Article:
Yes, it is possible to do social media with just 10 minutes a day! Kerry Harding, the Assistant Managing Editor to Cochrane Pain, Palliative and Supportive Care, shares with us how!
We are the Pain, Palliative and Supportive Care (PaPaS) CRG and we produce Cochrane Reviews of acute and chronic pain, headache and migraine, and palliative and supportive care. We use social media to help disseminate both our own and Cochrane’s work. We have 4700+ followers on Twitter and we are growing our following on our new Facebook page. We use Hootsuite, a social media management tool, which allows users to post to different platforms from one place, and to schedule posts in the future. We find it an invaluable tool for our social media activity.
We are a busy CRG managing a portfolio of over 300 reviews but we increasingly recognise the importance of dissemination (a key aspect of Knowledge Translation) in helping our work to reach a wider audience. We’d like to share with you what our week in social media looks like.
Days 1 and 2: Scheduling Posts
We schedule tweets and Facebook posts for any newly published reviews or updates using Hootsuite. We will schedule several posts per publication. Posts will be directed at different audiences, e.g. clinicians, patients, and will be scheduled to be sent out at various times, being mindful of different time zones. We will include key information about outcomes and quality of the evidence, keeping in mind the intended audience and that a tweet is only 280 characters long. We will also always include a link to the published review, and if there are enough characters left, we will also try to include our own hashtag #painevidence. The scheduling nature of Hootsuite means that once you have composed a tweet, you can copy and paste it to schedule posts in the future. You can find training resources on presecudling social media posts here.
The example below shows tweets for a new review and an update.
One of our goals for 2019 is to ensure that every PaPaS review has its own dissemination plan. We work with the author team to identify the review’s key messages and the best ways to reach the target audience. Having these conversations early in the process gives us plenty of time to plan our dissemination activities. For our high impact, high priority reviews in particular, having more time allows us to work closely with the Knowledge Translation team who can help us to maximise our ‘packaging and push’.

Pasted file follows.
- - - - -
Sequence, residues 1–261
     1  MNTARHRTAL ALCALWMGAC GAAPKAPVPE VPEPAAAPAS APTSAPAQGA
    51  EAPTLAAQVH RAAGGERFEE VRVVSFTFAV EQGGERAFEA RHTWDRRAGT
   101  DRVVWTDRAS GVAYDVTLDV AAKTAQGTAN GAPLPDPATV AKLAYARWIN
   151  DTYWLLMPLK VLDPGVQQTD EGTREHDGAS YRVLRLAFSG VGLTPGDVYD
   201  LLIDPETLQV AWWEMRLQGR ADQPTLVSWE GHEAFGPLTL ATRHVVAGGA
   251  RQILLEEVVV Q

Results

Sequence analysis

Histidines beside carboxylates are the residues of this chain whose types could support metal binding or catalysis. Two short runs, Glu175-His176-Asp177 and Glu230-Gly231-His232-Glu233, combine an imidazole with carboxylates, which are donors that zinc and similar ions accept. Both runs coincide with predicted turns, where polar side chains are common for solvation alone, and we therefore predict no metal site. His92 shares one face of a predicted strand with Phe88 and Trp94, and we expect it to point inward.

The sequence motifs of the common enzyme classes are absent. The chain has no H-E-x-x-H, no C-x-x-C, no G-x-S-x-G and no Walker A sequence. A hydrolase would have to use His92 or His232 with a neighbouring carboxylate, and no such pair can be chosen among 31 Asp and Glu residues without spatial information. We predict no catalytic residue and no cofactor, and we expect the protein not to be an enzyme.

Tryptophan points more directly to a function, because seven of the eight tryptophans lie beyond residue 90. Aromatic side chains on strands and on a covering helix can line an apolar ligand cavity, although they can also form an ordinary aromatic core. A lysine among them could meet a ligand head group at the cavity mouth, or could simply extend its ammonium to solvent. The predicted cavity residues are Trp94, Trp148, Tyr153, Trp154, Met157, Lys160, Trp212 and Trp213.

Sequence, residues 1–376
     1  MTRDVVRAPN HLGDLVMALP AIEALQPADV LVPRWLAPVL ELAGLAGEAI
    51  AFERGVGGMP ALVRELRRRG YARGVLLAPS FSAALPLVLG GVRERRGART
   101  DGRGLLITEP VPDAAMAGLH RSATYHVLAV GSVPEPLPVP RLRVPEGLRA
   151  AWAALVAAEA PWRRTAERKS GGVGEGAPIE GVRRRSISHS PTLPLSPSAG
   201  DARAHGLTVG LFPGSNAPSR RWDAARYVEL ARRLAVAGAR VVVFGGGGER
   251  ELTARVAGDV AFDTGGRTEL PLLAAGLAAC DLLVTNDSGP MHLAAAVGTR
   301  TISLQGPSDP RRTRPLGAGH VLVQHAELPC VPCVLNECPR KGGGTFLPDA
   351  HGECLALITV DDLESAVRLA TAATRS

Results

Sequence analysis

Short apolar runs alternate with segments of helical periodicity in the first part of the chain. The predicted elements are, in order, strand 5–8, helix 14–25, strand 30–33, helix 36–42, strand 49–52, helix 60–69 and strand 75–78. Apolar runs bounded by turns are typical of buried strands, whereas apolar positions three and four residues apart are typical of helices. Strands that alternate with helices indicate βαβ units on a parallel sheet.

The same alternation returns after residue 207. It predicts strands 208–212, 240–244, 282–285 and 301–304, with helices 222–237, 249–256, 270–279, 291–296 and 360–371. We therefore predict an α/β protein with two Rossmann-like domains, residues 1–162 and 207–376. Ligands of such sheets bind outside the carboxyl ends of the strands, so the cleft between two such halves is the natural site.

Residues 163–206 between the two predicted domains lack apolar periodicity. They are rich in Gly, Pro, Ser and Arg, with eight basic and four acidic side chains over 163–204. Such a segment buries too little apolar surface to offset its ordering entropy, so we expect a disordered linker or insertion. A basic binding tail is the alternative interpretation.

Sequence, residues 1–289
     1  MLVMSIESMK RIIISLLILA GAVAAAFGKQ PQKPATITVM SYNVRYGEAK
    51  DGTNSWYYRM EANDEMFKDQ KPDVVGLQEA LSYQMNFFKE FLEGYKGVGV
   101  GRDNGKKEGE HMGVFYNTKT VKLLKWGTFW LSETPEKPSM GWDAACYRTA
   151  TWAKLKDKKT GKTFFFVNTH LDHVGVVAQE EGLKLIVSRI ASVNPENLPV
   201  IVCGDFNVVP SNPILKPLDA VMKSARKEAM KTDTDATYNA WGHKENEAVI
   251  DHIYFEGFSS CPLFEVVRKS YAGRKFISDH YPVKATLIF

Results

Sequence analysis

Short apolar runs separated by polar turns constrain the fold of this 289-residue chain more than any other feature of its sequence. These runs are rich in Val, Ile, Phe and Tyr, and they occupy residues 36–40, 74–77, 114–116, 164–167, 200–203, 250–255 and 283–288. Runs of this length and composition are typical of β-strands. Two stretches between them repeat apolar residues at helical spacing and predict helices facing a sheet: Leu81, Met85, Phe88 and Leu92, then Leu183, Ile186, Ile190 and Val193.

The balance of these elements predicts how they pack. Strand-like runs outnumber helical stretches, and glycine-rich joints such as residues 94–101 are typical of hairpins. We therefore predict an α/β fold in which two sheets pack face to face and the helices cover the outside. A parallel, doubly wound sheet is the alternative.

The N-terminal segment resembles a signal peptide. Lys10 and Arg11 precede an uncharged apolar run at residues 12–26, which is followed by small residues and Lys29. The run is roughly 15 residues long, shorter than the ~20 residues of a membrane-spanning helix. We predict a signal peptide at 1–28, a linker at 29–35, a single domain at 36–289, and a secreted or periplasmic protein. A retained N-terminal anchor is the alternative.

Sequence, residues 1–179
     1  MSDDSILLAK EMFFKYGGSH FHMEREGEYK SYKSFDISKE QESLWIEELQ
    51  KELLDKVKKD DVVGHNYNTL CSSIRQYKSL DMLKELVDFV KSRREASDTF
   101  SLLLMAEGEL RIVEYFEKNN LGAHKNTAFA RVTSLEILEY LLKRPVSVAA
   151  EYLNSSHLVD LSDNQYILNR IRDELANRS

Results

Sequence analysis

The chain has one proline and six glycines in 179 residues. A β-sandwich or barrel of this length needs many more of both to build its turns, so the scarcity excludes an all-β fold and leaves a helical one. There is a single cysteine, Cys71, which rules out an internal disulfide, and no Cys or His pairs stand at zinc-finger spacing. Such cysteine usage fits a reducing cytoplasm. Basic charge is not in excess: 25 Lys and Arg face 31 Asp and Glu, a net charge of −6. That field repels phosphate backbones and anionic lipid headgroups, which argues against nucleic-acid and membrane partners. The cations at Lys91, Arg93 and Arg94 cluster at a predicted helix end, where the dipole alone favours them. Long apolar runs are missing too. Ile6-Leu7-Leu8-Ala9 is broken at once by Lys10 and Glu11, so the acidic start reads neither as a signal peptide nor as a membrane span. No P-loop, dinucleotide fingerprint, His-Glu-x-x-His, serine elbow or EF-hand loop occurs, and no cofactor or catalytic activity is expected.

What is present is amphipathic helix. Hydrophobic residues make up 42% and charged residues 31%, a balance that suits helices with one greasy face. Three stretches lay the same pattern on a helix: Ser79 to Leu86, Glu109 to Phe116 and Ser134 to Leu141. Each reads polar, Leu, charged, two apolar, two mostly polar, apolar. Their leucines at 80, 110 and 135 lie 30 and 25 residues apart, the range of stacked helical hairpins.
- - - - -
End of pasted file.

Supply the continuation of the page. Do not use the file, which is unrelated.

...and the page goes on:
We browse our Twitter feed on a daily basis for any relevant news stories which we think our followers may find interesting and we will retweet and like these tweets. Each group will have their own specific interests but @CochraneUK, @cochranecollab and @CochraneLibrary are all good places to start. You can also look for relevant charities, key people (influencers) in the topic area, government bodies and support groups. We also find it is effective to tag the Twitter handle of individual people or groups to direct them to a specific review or any other relevant information.
Day 3: Use the Comms Digest
When the Cochrane Communications Network Digest lands in our inbox we will read through the information and see what we think will be of interest to our Twitter and Facebook Community and schedule some tweets using the helpful templates provided. This might include information about a survey, webinar, meeting or other such Cochrane event. You can learn more about the Digest here and sign up to receive the weekly email.
Day 4: Contribute to Awareness Days
We think it is important to contribute to relevant health awareness days, e.g. Dying Matters Awareness Week, National Fibromyalgia Awareness Day and World Cancer Day. We keep a list of such awareness days and schedule some tweets accordingly highlighting relevant reviews. It’s a good idea to find out what the hashtag will be and on the day (or week) keep an eye out for interesting tweets to retweet and like. These events are a great opportunity to share our blogshots, which are an effective way of giving a quick summary of a review in an image (see Cochrane UK’s blog about blogshots). We are building our collection of blogshots across all of our topics so that we can respond quickly to relevant events.
The example below shows a tweet where we shared one of our blogshots to help highlight Dying Matters Awareness week.
Day 5: Measure Impact
We’ll check to see if we’ve received any notifications that our reviews have been shared or summarised by another group, for example published as podcasts, highlighted on the front page of the Cochrane Library, translated into other languages, used in a blogshot, or included in Cochrane Clinical Answers or Cochrane Corners. These will then be tweeted and posted on Facebook to increase their potential reach.
It is really important for us to measure the impact of our reviews. When we see our reviews being shared by other groups we always try to capture the story, and so we will save the link or take a screenshot to save on file. Our funders, the NIHR, ask us to provide these impact stories in our annual report, and we also provide a collection of these on our website.
What works for you? Do you have any tips to share which have helped your group? You can email Karen Head at firstname.lastname@example.org who will compile these and make available in future posts.
Want to know more about using social media more effectively? There is lots guidance for using social media effectively, which is available on the KT learning resources website.